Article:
And other stuff to save for after law school
There are a few things that professors will tell you not to do when you are in law school: don’t get married, don’t have a baby, or don’t rob banks.
At the tender age of 33, I went back to college.
At the University of Arkansas, one of the benefits of attending was free health care. Thanks to the generous Arkansas taxpayers.
One of the riders to that health insurance was that pregnancy was covered.
We already had an 18-month-old girl when I started law school. But my wife wanted two girls, not one. And she wanted them to be about the same distance apart in age as she was from her sister.
Law school is stressful enough so it's a good idea not to add more anxious stuff. So, we decided to have a baby in my second year of law school. I even missed a final exam to welcome our second girl into the world.
Some classmates got married, and others took up heavy drinking.
At the appropriate time, we went to the university health clinic for a pregnancy test.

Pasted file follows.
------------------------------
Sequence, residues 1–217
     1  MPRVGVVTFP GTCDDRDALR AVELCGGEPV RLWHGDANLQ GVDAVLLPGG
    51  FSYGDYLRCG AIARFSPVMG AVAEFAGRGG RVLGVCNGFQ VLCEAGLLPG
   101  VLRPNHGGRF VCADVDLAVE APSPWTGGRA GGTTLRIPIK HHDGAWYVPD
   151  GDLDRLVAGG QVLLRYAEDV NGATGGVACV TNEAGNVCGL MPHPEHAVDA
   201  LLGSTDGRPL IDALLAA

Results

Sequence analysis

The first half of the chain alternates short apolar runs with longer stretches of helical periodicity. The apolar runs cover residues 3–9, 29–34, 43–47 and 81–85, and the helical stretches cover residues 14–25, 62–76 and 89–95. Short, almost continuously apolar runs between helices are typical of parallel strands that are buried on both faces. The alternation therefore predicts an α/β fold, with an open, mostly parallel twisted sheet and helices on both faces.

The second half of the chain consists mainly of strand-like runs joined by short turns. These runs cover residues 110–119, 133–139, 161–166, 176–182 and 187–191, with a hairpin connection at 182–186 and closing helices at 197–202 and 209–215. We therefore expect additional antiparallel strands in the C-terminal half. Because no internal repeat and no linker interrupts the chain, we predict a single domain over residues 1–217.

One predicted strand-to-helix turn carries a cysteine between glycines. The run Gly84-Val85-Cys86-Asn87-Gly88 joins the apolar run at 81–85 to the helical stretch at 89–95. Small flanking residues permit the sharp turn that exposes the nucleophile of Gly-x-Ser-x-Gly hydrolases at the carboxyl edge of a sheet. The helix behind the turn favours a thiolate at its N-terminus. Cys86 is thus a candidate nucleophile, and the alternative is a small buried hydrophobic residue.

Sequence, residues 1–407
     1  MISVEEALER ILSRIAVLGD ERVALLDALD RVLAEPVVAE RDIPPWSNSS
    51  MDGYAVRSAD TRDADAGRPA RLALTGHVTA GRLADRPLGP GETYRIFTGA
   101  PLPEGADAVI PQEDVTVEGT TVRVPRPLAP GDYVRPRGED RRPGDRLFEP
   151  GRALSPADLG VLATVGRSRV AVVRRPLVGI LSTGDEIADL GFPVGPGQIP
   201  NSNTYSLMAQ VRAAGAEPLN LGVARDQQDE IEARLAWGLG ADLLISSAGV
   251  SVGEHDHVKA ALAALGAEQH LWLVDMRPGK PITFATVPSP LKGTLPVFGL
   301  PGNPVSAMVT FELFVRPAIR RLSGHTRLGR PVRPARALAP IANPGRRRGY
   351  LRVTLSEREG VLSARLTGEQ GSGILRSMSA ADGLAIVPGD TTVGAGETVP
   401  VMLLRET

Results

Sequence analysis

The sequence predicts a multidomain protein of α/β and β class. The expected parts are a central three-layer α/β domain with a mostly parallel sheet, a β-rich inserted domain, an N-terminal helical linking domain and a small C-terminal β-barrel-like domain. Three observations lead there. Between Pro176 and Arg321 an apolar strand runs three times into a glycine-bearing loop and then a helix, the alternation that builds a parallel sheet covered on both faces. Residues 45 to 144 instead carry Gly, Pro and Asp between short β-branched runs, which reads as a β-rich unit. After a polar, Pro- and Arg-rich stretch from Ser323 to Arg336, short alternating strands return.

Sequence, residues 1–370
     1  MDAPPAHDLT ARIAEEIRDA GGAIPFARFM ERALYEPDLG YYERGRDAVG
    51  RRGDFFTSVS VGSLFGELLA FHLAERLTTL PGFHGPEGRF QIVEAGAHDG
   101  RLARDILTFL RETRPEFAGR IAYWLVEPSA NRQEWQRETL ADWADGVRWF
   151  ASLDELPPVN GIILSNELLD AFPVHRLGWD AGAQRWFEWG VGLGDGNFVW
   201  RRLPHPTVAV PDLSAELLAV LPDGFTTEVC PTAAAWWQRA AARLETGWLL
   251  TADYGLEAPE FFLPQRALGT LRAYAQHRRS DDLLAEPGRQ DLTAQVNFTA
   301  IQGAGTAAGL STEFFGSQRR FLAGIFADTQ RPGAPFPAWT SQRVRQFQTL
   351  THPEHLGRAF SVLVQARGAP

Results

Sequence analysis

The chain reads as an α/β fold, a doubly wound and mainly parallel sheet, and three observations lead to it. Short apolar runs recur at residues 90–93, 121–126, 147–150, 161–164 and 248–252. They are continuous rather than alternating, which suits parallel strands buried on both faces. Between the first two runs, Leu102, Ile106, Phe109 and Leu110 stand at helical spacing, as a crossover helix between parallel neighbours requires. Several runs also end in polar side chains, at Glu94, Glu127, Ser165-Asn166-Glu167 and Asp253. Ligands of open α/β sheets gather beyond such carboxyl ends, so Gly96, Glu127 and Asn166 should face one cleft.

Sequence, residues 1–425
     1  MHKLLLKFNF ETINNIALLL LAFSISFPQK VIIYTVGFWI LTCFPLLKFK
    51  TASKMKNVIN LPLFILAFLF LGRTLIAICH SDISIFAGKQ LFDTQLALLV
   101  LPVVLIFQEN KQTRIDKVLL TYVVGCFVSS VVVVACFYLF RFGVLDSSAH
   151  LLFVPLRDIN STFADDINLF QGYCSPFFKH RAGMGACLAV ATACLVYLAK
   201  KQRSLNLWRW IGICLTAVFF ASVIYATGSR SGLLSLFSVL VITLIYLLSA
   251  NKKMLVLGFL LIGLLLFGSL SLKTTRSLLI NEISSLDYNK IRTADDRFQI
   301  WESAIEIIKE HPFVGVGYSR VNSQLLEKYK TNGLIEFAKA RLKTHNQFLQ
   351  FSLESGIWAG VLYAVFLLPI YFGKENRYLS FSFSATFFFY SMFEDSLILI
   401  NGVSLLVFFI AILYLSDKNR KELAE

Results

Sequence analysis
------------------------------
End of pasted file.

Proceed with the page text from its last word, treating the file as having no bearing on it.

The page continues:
At the time, when anyone walked into the school's medical clinic, he or she would have been greeted by a life-size Barbie doll staring at sick students like a crazed zombie.
Let me say that again: A life-sized Barbie doll. Well over 6 feet tall.
I understand the point they were trying to make by demonstrating the unhealthy body image Mattel portrays to little girls, but, this Barbie was creepy.
We had a high degree of certainty that my bride was pregnant. But we also had to get the official pregnancy test from the clinic so some insurance officials could make a car or house payment that month.
Several minutes later a young woman sits down in front of us with a stern look on her face.
I could tell she didn’t want to tell us the results of her findings.
Tell us the news, I thought.
“Well,” she began. She was nervous.
“The results are back and, well… Well, um…”
Come on, say it.
(Actually, only one of us was…)
But we both breathed a sigh of relief and happiness.
The worker, for a nanosecond, was confused but then sensed our happiness and also breathed a sigh of relief.
“Oh, that is so great.”
She was visibly relieved to see that we were both happy.
I know this kind of news isn’t always met with happiness.
I wouldn’t want her job.
We said thank you to the nice clinic worker and goodbye to the creepy gigantic Barbie. Then we left the clinic and went shopping for diapers and baby clothes.